We’ve stopped doing whatever it takes and are now targeting businesses that need it the most.

Now charge companies to be as discreet as possible about their economic difficulties so as not to receive help from the minister, which is easily equivalent to the kiss of death.

Independently of this aspect, we will appreciate at its fair value, in the declarations of the minister, the fantasies about the performance of France, whose economy is recovering while in Europe all the other countries are sinking fairly quickly into a slump without historical equivalent. Yes: as previous posts already mentioned in march and in aprilthe sanctions against Russia have been absolutely devastating… for Europe.

And even though these Europeans are precisely in the process of discreetly circumvent these sanctions as soon as they can, the same Bruno, never short of a contradiction, admits multiplying tariff shields and other special counters to help individuals and businesses (those which are resisting so well in France, he said) to overcome the crisis (which is almost invisible in the country according to official figures), a crisis that we will also put on the back (of wider and wider) of the war in Ukraine.

In short: no more Koikilenkouth but everything is fine because the figures are good but companies need help and the war is an economic drama for us but France is doing well but put on a sweater all the same.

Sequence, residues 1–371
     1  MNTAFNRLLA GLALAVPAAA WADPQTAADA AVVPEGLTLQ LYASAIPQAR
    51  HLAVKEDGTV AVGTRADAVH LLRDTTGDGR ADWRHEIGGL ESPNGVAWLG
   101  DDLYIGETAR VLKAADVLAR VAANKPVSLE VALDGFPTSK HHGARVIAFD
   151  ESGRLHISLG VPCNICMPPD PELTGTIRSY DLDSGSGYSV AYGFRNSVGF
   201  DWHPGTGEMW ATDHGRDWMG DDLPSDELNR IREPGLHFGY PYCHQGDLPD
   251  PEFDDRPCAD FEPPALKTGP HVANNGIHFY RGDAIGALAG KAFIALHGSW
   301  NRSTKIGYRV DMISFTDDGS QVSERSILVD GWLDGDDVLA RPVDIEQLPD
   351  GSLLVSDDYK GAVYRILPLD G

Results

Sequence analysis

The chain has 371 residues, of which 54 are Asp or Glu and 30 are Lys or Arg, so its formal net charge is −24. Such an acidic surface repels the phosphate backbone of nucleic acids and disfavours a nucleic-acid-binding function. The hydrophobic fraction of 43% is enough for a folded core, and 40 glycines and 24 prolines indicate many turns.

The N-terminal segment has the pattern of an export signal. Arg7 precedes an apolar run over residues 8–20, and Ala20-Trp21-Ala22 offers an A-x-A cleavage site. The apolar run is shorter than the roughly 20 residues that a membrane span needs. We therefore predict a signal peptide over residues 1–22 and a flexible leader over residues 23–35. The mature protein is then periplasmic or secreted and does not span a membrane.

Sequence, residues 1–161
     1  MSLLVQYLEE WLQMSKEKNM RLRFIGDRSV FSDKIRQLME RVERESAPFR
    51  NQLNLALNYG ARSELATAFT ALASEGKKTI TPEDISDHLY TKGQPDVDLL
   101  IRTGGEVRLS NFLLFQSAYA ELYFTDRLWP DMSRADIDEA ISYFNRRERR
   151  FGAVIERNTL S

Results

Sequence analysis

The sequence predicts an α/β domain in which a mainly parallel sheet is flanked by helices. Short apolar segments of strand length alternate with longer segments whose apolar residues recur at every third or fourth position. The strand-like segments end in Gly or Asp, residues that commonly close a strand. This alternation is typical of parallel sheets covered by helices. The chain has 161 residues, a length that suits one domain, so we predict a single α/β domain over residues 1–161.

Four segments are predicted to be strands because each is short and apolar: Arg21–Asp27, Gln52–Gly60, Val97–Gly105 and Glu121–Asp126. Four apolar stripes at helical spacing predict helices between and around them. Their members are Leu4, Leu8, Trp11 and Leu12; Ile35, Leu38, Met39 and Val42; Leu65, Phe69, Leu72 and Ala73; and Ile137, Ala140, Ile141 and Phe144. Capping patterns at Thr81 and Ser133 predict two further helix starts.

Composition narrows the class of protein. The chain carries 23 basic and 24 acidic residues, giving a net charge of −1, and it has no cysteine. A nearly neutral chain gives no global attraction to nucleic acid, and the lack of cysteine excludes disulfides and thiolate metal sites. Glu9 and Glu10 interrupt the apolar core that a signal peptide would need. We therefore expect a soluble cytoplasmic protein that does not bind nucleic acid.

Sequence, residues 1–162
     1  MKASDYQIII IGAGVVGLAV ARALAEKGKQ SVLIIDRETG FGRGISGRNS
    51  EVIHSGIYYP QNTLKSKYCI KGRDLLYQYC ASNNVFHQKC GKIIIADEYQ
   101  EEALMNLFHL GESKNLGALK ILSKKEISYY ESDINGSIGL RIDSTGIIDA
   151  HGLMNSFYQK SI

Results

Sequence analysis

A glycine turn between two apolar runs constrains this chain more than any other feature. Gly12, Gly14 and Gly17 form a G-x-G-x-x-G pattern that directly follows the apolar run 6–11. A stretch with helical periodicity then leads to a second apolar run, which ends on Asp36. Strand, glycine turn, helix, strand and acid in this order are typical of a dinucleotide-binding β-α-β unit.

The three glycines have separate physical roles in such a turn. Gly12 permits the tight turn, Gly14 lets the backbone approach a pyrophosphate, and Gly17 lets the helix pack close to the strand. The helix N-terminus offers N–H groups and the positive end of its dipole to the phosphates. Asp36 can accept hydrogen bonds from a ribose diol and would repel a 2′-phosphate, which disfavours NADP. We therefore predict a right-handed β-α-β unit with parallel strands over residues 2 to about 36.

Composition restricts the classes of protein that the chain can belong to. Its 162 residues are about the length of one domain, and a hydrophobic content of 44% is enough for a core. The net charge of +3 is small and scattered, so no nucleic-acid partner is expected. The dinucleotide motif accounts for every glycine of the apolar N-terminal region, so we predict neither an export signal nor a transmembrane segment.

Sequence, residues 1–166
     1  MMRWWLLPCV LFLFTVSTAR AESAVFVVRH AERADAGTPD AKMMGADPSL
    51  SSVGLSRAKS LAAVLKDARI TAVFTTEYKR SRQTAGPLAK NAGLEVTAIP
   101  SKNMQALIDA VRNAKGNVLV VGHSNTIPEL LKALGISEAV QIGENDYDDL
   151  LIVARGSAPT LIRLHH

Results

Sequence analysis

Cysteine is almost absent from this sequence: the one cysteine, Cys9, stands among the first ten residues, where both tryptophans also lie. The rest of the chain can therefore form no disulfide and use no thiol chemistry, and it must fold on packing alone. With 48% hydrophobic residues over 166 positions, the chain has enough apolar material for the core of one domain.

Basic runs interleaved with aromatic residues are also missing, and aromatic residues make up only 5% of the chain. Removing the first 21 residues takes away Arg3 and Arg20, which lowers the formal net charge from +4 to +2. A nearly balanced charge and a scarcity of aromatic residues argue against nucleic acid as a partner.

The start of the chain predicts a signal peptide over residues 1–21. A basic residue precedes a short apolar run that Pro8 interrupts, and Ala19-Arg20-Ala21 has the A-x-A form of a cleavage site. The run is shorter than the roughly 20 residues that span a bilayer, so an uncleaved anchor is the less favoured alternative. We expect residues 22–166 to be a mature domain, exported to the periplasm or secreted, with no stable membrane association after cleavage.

We oscillate between consternation and increasingly haunting questioning about the denial of reality of the elites who seem to have self-intoxicated themselves with this alternative reality that they continue to paint for the masses.

Because despite the worrying projections of global incoherence from the Minister of the Economy, the evidence seems difficult to evacuate: what puts Germany in such a mess cannot result in simple economic embarrassment in France, on the contrary. Because we already know that the year 2023 will see a record number of bankruptcies in the country. And because the coming winter will be harsh, whatever people say and even if there are no cuts (which seems less and less avoidable).

Economic indicators only deceive those who have an interest in being so: one can argue, as do some regulars on media platforms, about a low unemployment rate or even about what is featured now as almost “full employment” – which denotes a truly alternative vision of reality – the fact remains thata growing number of French people are hungry : never the Restos du Cœur have helped so many people in need – with double-digit increases over previous years.

Rest assured: according to Bruno and the services of Bercy, these people will have no problem finding employment (just think, France is almost overheated, they tell us!) which tends to show that in this country, jobs no longer allow you to eat your fill and you have to work on an empty stomach.

Denial, quibbling, inconsistency and nonsense… All of this is bound to end very well.

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Germany sinks and Europe with it. Bruno Le Maire does not realize this at all.